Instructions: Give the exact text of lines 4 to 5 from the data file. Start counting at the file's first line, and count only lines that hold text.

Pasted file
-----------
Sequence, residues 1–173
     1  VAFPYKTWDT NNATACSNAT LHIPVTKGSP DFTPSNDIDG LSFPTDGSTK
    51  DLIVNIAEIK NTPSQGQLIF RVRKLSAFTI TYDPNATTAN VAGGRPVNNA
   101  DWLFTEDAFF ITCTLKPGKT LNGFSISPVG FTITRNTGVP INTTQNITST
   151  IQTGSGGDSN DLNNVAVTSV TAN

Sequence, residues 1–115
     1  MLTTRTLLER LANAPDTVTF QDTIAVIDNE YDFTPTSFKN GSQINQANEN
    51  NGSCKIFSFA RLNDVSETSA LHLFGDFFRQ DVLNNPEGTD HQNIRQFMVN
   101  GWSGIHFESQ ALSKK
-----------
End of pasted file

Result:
   101  DWLFTEDAFF ITCTLKPGKT LNGFSISPVG FTITRNTGVP INTTQNITST
   151  IQTGSGGDSN DLNNVAVTSV TAN